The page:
“What Got You Here Won’t Get You There” highlights the 20 workplace habits that keep business leaders from success.
Author Marshall Goldsmith, a top executive coach who’s worked with more than 150 CEOs and been named multiple times to the Thinkers50 list of influential management thinkers, published the bestselling book with Mark Reiter in 2007. His goal was to help managers at all levels pinpoint exactly which behaviours they need to change and how to do it.
The thrust is that just because you’ve been able to get by with your counterproductive habits doesn’t mean you’ll be able to reach the top of your field with those same tendencies.
If you’re set on progressing in your career, you’ve got to commit yourself to a course of personal development, which will likely be as uncomfortable as it is rewarding.
Below, Business Insider breaks down the book’s five most important insights on becoming an effective leader:
1. Don't fall into the 'superstition trap'
Your destructive habits -- from taking credit for others' efforts to constantly making excuses -- probably aren't what helped you reach this level of success, and they definitely won't help you get further.
'One of the greatest mistakes of successful people is the assumption, 'I behave this way, and I achieve results. Therefore, I must be achieving results because I behave this way.'
'This belief is sometimes true, but not across the board. That's where superstition kicks in. It creates the core fallacy necessitating this book, the reason that 'what got us here won't get us there.' I'm talking about the difference between success that happens because of our behaviour and the success that comes in spite of our behaviour.'
2. Technical chops aren't enough for leaders
Interpersonal skills get more and more important as you climb the corporate ladder.
'At the higher levels of organizational life, all the leading players are technically skilled. They're all smart. They're all up to date on the technical aspects of their job. …
'That's why behavioural issues become so important at the upper rungs of the corporate ladder. All other things being equal, your people skills (or lack of them) become more pronounced the higher up you go. In fact, even when all other things are not equal, your people skills often make the difference in how high you go.'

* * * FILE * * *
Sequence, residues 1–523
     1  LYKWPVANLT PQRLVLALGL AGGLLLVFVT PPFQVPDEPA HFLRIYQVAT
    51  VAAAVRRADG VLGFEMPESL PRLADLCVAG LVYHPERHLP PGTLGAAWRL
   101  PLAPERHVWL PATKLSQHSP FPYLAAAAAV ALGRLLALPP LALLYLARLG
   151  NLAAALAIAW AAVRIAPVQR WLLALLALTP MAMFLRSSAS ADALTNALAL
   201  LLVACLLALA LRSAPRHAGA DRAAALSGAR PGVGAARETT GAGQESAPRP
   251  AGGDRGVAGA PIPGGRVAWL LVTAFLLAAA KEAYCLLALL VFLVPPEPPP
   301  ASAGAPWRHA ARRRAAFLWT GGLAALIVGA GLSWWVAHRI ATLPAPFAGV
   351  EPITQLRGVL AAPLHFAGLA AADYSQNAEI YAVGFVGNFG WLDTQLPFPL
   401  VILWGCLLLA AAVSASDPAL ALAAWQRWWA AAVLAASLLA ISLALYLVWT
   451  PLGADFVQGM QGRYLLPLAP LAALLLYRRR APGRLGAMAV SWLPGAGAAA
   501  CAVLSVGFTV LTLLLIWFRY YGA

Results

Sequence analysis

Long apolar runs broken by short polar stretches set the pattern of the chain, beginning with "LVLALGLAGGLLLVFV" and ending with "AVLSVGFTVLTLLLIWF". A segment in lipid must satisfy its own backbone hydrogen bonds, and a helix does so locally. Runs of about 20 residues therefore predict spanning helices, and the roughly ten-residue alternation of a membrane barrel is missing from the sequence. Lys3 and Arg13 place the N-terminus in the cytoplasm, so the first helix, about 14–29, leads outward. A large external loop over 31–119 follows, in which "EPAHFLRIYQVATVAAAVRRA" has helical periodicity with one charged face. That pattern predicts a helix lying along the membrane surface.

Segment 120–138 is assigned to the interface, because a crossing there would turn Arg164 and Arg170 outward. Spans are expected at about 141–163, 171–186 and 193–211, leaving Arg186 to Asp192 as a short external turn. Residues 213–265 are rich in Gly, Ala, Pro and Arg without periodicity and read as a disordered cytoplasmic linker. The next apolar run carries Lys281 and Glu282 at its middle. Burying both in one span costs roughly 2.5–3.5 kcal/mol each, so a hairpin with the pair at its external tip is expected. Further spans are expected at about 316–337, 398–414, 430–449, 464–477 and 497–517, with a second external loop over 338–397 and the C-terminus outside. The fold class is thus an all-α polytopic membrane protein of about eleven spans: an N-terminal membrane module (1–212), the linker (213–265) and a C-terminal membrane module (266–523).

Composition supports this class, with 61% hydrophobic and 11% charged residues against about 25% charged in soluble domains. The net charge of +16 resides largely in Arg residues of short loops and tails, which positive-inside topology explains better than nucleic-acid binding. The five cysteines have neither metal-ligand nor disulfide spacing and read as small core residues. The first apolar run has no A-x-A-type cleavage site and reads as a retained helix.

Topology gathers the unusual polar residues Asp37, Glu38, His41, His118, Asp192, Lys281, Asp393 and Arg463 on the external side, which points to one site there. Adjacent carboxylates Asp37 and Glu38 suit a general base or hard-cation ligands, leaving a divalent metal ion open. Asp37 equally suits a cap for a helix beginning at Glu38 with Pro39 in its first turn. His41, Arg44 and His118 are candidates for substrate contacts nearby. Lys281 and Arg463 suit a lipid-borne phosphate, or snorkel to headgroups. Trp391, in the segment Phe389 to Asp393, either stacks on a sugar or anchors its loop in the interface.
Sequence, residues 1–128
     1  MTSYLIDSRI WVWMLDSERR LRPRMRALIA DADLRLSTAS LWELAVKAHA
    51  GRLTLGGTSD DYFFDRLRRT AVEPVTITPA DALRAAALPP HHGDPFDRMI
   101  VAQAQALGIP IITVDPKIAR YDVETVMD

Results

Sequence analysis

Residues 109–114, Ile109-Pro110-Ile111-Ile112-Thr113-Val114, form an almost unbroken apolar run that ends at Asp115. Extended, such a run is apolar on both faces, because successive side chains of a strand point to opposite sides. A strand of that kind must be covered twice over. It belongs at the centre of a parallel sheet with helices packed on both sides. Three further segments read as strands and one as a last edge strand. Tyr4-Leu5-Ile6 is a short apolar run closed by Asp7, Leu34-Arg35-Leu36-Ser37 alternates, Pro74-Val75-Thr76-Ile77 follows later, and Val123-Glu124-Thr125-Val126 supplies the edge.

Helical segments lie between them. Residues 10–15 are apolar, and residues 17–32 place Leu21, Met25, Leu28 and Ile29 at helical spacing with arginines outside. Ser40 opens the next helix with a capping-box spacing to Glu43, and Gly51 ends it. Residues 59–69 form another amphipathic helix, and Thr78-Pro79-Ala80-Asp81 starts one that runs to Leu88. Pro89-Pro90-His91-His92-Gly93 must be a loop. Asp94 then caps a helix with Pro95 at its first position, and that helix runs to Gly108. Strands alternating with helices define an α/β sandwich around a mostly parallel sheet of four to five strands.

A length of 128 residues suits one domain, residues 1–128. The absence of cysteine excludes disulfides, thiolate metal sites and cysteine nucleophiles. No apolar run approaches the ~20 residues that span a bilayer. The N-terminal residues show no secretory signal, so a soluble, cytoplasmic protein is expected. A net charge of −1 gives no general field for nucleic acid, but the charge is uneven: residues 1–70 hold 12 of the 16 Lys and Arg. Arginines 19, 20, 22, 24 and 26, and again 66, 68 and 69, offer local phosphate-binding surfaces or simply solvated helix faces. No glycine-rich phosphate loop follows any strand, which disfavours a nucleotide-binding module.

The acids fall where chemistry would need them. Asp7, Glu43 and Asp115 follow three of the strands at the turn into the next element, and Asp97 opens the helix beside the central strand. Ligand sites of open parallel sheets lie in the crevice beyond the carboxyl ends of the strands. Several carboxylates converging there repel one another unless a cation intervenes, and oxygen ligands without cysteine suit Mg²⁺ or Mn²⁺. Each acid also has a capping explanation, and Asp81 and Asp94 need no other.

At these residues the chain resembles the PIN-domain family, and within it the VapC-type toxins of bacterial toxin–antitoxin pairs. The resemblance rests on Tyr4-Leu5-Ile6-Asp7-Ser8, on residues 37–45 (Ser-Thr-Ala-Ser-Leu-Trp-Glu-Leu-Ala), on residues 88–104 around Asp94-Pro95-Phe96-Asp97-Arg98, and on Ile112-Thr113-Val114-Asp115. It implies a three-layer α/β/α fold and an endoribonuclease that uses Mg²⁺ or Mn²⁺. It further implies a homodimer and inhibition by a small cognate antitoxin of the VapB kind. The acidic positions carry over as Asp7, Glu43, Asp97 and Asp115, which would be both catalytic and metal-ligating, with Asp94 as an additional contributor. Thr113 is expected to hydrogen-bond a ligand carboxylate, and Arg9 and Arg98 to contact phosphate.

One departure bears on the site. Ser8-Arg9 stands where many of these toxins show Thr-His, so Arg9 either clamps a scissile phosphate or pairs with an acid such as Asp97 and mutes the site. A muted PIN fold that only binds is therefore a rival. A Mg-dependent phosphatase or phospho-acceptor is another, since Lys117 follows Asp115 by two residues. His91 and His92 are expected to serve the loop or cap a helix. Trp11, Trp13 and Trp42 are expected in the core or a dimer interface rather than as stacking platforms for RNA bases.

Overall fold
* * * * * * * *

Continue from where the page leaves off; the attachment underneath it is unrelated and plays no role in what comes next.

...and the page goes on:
3. Your effectiveness as a leader is based on others' perceptions of you
What you think of yourself doesn't matter as much -- so stop trying to conform to some arbitrary notion of your unique self.
'It's an interesting equation: Less me. More them. Equals success.
'Keep this in mind when you find yourself resisting change because you're clinging to a false -- or pointless -- notion of 'me.' It's not about you. It's about what other people think of you.'
4. Listening to what other people say is the most important skill for a leader to develop
That's especially true if you're trying to change your habits.
'The only difference between us and the super-successful among us -- the near-great and the great -- is that the great ones (listen) all the time. It's automatic for them. For them there's no on and off switch for caring and empathy and showing respect. It's always on. They don't rank personal encounters as A, B, or C in importance. They treat everyone equally -- and everyone eventually notices.'
5. You need to pick and choose your areas of improvement
It's best to focus on what's causing the biggest problem among the biggest group of people.
'Take a look around your office. Someone's the best salesman. Someone else is the best accountant. Someone else is the best manager. No one is the best at everything.
'This isn't a licence for mediocrity. It's a reality check. It's your permission to deal in trade-offs and pick one thing to improve upon rather than everything.'
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